I am pretty sure 4’33” was written by John Cage, not John Cale.

  2. Henry P said

    Great piece. Great song. Great video.

  3. Joe said

    When I was first getting into BoC, I was visiting a trendy clothing store in Chicago that played various house & electronic music on their overhead speakers. One of the mixes they played had a version of “Aquarius” with dialogue from “The Breakfast Club” mixed in. It was so bizarre. Haven’t been able to track it down since then, not really sure that it’s even out there to find in any “official” sense.

    “Roygbiv” is great, btw.

  4. […] And then, as the song gears up for chorus #2, it stops. Just stops. When I first heard it on XM, I thought the DJ had come in too early or missed a cue or something–there’s no way they’d just end the song like that, right as things were really getting good. Hardly the first pop song that I wish could’ve gone on longer–Dinosaur Jr.’s brilliant but abruptly over cover of The Cure’s “Just Like Heaven” comes to mind, as does my #88 song of all-time. But those guys always sort of felt like pranksters at heart, so it doesn’t seem quite so deceptive. The way Hynde sabotages her own mini-masterpiece, however, just feels like a betrayal. I wasn’t optimistic about there being a 12″ version of this one, so instead I tried to see if I could just round it out myself. There’s nothing wrong with short pop songs, and I tend to really admire bands who can squeeze a great song into three minutes or less, but perfect pop songs need closure, and that’s what “Talk of the Town” lacks. So rather than make it into The Pretenders’ “Free Bird” or anything, my edits were very simple, and the finished product is only about a half-minute longer than the original song. […]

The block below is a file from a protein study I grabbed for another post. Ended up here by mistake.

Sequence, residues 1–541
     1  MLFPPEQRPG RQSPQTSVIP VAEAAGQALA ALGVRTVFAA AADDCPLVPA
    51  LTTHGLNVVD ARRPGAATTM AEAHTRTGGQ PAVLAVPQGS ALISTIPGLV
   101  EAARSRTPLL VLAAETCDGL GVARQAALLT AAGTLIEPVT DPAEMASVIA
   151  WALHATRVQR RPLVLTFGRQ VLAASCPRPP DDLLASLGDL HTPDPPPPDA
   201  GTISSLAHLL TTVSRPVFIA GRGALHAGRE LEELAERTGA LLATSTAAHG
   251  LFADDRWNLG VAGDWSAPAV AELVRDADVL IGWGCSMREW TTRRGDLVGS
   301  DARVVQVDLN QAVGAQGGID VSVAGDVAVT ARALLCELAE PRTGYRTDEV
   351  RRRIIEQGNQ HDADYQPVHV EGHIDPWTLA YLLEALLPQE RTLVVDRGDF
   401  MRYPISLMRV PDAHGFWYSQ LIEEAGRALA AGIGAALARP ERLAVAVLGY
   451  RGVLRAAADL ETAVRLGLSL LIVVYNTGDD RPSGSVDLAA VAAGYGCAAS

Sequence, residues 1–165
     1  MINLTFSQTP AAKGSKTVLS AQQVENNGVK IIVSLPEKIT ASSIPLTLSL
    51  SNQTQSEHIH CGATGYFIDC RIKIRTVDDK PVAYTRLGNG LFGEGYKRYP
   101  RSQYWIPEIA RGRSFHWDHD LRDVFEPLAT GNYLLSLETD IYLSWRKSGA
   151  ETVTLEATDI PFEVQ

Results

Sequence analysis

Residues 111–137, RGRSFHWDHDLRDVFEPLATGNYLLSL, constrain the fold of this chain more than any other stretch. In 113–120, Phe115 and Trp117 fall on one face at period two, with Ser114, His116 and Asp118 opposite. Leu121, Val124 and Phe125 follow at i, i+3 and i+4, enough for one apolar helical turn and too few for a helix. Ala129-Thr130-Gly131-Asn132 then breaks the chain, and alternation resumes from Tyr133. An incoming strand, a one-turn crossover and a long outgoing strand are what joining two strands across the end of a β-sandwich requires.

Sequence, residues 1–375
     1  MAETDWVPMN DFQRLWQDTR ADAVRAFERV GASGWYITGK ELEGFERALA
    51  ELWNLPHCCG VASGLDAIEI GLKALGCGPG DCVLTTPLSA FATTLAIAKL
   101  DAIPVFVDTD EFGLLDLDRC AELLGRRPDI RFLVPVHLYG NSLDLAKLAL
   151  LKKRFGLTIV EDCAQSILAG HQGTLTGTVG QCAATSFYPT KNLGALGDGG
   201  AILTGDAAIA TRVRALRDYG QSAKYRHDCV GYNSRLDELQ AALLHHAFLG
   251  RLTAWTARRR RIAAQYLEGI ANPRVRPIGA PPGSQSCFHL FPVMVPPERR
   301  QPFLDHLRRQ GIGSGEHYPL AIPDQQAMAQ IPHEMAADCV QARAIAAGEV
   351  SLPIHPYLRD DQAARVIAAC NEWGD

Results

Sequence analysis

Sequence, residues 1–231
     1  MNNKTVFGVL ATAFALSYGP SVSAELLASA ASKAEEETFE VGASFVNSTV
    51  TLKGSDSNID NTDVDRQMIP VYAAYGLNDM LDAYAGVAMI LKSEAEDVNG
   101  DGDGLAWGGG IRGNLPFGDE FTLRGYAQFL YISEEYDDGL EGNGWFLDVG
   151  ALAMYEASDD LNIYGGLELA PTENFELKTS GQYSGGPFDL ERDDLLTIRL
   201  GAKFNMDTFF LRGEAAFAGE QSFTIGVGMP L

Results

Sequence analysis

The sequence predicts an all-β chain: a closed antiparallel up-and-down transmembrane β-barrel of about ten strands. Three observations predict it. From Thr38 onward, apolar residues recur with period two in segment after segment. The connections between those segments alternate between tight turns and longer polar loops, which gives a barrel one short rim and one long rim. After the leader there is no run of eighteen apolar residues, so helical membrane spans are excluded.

5. […] positively lacerating guitar lick–may tempt you into wishing for a 12″ cut, but unlike CERTAIN SONGS it feels fairly satisfying in its unusual running time. It’s kind of comical in itself, […]